– originally published in the Austin Chronicle
I’ll be honest — I can’t remember a damn thing about childhood Christmas. Well, that’s not exactly true. If I think real hard, I can piece together a few seasonal images (annual parties at my Aunt Rose’s house, rushing the tree at 4:30AM, setting that bear trap for Santa) but for the most part, every December before age fourteen is a complete blur.
But thanks to the magic of my aunt Noel’s Instamatic, I can reconstruct a few key facts. I know that we packed my grandparent’s house with kids. I know that we all wore footie pajamas. And most importantly, I know we ate our collective weight in Christmas cookies.
If you scan our family photo albums, every kid in a Christmas picture seems to be holding a half-eaten oatmeal cookie. Five-year-old cousins trim the Christmas tree gripping handfuls of pecan shortbread. Tiny smiles are dusted with a perpetual layer of powdered sugar.
Cookies and assorted homemade candies appear in every other picture because the provided the fuel for our biggest family gathering. For the kids, the constant flow of sweet treats propelled us through the annual reunion and kept our collective blood sugar level in the stratosphere.
Christmas around the Hebert house was a mob scene of a celebration. In the early years, my mom and her seven siblings gathered in Baton Rouge for a week of yuletide visits and frenetic holiday chaos. About a week before Christmas, my mother’s brothers would come in from northern exile, adding countless carloads of cousins to the swelling ranks of local grandkids. The four Hebert boys (Lee, John, Bart and Charlie) would come down from Chicago. Barbara and her kids flew in from Colorado. Sometime around the 20th, the extended family achieved critical mass, triggering a long run of high-sugar fun.
Our grandmother would pack the smiling pig-shaped jar with her famous oatmeal cookies and bake countless batches of whisper-thin teacakes. Fruitcake tins from Corsicana — blissfully relieved of their weighty cargo — would be repacked with rich slabs of fudge and sour/sweet lemon squares.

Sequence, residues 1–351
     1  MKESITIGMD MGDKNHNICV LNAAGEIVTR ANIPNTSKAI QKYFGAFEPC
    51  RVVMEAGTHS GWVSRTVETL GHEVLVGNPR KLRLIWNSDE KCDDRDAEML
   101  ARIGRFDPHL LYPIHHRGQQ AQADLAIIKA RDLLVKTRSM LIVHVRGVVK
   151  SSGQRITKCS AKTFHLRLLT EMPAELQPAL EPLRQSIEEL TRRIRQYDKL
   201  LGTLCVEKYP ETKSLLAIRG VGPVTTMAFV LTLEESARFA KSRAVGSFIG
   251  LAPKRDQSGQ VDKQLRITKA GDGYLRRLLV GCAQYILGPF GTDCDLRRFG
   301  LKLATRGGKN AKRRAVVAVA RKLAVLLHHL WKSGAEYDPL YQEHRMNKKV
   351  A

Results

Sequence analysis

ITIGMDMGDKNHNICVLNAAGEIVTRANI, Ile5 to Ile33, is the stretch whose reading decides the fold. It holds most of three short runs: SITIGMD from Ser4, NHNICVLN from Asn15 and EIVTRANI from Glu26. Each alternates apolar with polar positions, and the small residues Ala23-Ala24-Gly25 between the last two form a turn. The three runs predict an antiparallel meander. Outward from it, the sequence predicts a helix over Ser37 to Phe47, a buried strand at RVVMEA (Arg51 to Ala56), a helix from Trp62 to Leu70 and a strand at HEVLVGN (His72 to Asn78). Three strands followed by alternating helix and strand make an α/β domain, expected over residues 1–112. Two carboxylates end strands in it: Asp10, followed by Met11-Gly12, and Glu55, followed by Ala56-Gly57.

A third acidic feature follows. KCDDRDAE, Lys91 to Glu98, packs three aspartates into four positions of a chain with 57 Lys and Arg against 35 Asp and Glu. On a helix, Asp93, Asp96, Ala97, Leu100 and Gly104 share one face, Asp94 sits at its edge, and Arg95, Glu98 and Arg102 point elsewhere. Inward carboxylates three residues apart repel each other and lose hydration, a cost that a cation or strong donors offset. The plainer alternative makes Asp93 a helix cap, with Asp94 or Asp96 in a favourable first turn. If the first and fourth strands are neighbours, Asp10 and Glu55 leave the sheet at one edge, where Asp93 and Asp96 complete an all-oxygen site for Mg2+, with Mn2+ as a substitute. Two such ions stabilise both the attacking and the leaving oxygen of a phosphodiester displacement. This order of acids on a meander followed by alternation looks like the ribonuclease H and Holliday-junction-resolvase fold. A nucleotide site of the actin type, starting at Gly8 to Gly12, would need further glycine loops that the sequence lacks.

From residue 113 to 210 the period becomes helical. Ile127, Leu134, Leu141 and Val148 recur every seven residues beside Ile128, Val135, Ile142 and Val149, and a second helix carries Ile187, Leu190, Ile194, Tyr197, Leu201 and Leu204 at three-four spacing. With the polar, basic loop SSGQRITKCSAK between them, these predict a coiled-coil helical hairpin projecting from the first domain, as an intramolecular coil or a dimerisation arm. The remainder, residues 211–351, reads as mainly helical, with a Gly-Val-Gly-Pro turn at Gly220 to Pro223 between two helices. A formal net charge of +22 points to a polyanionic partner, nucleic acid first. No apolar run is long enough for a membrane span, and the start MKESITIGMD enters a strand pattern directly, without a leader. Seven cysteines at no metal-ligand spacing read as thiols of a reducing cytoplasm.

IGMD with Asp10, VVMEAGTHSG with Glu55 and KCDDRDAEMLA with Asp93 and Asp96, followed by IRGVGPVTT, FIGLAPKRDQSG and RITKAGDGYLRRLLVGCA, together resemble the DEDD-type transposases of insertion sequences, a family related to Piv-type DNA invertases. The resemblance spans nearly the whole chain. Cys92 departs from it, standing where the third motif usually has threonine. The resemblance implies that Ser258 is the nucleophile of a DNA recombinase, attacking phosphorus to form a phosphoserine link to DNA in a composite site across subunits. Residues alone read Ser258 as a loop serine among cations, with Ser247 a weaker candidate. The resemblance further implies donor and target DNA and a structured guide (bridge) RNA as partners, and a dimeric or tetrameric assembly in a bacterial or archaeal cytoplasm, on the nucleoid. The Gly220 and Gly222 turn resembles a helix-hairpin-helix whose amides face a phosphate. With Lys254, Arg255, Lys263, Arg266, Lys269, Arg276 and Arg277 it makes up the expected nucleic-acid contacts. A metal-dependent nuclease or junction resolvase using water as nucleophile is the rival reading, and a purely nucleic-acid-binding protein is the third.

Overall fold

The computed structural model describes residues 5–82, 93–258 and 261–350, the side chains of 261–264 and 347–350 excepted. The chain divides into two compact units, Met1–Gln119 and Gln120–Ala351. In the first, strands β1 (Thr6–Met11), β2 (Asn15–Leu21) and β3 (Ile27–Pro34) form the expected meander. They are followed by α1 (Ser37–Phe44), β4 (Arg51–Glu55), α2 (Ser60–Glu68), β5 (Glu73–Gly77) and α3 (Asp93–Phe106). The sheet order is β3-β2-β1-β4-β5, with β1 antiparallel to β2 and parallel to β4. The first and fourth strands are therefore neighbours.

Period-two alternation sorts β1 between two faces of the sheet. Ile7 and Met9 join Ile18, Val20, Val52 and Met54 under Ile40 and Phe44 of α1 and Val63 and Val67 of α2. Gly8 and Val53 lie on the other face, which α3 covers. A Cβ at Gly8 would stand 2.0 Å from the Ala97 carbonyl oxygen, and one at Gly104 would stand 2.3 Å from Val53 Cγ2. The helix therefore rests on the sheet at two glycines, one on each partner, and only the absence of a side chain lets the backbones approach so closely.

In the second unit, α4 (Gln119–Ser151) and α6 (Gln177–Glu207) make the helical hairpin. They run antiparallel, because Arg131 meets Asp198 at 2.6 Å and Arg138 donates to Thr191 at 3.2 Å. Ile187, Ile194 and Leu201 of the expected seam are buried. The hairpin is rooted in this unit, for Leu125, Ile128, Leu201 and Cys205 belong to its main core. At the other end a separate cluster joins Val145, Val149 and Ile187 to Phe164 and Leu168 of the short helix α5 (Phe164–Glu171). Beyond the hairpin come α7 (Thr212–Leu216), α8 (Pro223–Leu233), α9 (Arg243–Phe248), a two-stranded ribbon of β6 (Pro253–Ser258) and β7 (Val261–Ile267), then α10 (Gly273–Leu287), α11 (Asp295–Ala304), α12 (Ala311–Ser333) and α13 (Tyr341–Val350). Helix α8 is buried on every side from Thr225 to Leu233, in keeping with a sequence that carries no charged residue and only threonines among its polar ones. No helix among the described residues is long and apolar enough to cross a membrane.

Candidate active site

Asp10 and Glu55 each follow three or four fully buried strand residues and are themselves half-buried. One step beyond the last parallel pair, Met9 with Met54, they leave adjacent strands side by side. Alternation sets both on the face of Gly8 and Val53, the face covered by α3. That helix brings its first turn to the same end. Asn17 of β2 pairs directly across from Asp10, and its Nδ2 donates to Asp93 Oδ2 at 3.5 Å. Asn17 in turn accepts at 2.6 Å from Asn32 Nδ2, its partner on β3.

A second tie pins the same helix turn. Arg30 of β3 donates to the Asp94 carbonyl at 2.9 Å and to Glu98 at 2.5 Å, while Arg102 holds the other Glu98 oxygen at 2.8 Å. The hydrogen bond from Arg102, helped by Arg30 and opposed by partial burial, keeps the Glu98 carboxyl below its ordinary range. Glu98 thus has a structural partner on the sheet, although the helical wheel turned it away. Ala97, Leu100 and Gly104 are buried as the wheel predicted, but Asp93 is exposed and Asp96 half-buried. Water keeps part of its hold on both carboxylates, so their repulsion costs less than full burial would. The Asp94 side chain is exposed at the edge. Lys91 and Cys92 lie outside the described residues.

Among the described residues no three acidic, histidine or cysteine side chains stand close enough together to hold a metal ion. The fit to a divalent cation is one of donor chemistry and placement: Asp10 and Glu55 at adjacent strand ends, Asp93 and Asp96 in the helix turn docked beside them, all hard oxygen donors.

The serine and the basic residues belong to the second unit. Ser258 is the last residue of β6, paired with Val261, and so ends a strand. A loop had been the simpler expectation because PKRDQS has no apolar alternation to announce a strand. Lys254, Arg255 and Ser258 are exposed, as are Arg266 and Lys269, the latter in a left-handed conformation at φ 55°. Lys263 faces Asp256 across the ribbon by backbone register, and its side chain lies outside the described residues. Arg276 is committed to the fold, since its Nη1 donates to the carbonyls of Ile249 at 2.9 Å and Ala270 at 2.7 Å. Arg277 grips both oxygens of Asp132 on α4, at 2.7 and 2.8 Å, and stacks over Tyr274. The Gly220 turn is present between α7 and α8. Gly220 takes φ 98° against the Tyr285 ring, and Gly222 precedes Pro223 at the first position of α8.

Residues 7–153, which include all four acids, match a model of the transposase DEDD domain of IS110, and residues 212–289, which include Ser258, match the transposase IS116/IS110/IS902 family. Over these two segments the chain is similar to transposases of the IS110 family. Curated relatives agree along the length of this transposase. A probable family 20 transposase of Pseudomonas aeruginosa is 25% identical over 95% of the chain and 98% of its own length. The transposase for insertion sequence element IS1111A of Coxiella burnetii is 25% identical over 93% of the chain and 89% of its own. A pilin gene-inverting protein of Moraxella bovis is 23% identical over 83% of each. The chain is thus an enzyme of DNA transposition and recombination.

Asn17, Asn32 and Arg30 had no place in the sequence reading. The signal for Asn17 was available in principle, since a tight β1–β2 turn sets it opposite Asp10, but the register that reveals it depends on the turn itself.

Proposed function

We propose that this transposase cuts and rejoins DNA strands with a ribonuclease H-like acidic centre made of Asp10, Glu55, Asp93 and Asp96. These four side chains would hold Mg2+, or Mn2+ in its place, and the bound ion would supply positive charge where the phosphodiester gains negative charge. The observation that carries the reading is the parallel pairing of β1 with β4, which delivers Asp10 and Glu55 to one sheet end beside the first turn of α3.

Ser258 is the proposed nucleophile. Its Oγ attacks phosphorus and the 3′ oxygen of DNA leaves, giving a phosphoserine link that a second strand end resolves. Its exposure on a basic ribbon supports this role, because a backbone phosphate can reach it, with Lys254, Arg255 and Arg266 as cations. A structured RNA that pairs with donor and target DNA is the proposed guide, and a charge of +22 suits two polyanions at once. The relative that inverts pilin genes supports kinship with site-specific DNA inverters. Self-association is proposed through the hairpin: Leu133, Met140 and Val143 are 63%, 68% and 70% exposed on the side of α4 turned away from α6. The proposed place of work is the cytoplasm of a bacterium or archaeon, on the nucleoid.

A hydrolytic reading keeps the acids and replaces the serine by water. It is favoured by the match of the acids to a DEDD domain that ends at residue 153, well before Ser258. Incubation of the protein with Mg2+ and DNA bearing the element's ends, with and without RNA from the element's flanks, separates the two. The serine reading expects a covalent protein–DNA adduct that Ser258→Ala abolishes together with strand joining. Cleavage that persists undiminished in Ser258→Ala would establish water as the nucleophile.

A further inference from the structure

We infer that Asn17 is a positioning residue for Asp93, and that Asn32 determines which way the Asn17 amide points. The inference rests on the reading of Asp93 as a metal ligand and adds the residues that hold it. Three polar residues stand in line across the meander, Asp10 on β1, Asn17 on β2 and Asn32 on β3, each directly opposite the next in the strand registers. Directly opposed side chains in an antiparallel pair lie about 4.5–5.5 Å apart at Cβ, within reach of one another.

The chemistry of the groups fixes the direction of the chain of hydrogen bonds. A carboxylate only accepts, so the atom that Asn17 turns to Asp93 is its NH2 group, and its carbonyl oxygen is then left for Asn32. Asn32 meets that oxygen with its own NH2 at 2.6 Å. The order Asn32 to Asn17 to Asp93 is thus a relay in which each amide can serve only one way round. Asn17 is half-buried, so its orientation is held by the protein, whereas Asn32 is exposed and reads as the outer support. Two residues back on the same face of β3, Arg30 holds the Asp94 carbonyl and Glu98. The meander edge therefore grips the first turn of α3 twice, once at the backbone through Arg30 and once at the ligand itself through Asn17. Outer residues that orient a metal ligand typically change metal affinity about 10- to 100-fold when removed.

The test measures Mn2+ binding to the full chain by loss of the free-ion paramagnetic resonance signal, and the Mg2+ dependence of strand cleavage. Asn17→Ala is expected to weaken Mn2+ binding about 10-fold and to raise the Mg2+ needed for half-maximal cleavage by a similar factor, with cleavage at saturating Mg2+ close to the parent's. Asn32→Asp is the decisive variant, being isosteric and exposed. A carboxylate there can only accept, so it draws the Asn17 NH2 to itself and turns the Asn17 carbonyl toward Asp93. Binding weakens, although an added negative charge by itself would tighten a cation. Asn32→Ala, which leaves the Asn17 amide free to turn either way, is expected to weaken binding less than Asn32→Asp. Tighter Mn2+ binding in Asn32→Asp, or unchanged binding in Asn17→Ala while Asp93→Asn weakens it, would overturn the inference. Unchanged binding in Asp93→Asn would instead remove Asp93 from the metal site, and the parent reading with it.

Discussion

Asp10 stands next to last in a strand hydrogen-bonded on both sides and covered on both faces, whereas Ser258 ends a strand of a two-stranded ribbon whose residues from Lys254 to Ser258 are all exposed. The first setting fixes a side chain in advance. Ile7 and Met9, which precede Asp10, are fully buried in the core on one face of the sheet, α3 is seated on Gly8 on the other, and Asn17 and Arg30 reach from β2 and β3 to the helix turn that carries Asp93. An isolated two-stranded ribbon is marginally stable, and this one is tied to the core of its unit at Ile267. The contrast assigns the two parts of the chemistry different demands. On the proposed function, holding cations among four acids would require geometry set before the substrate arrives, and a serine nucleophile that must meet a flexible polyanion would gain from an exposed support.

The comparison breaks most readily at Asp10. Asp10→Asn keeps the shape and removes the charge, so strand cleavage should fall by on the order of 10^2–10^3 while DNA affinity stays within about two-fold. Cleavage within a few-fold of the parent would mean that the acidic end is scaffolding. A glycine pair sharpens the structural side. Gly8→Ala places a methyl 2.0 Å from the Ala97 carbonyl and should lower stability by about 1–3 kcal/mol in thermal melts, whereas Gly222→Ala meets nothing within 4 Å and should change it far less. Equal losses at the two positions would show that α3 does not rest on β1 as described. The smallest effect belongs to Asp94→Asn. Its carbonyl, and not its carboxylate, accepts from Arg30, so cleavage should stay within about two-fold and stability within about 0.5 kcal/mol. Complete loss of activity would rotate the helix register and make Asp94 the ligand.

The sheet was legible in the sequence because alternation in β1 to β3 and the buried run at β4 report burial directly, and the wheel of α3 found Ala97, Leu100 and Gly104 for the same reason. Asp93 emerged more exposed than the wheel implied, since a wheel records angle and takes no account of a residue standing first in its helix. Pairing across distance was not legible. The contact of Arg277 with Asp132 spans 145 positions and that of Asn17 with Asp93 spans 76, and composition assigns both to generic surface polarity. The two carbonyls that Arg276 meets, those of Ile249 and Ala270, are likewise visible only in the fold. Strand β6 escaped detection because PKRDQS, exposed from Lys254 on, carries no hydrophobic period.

“The girls” — my mother and her sisters — each provided their own special treats. My godmother Lula (third child, second girl) always brought elaborately iced sugar cookies in various Christmas shapes (fat santas, pointy Christmas trees, lumpy camels) in foil-lined boxes. My mother whipped up her creamy pralines using fat local pecans and dark cane syrup. The birthday girl and youngest child Noel made just about everything else — from bite-sized pecan pies to butter-heavy shortbread “cocoons” that literally melted in your mouth.
Then there were the edible gifts given by family friends — offerings that became as much a part of our Christmas tradition as the blinking tree. Decorative containers filled with Missy McDermib’s “top secret” orange muffins sat beside the salty cheese straws from Anne Jane’s kitchen. Nuns from a local convent always gave my grandfather a few tins of velvety divinity fudge — beautiful blobs of rich albino sweetness, each topped with perfect pecan half.
Over the course of Christmas week, adults and children alike managed to work their way through the ton of accumulated sweet stuff — all the while smiling for impromptu portraits in front of exploding flashbulbs. There were a few token “real meals” thrown in for good measure, but the magic sweets always sustained us nicely for our weeklong reunion. Any unlikely leftovers would be split into empty tins and dispatched with departing families for the long ride home.
Months later — just as everyone’s blood sugar had returned to normal — the Christmas pictures would circulate from sister to sister to sister-in-law and back again.
And for those of us who can’t remember anything past the cookie-fueled blur, we’re grateful for this photographic record. Luckily when memory fails, we can still check the family albums and remember the times when we were all still wide-eyed and very, very sweet.
Juanita’s Lemon Squares
2 cups flour
1 1/2 sticks oleo
1/2 cup powdered sugar
Cut oleo into flour and sugar with pastry blender. Pack in a greased and floured 9″x12″ cake pan (or spray with Pam). Bake in 350 oven for 15 mins.
4 well- beaten eggs
2 cups sugar
4 tsp. flour
1/2 tsp. baking powder
6 Tblsp. lemon juice
Grated rind of one lemon
Mix all ingredients together. Pour over the baked crust and bake at 325 for 25 minutes or until lightly browned and set. Cut into squares while warm. Dust with powdered sugar.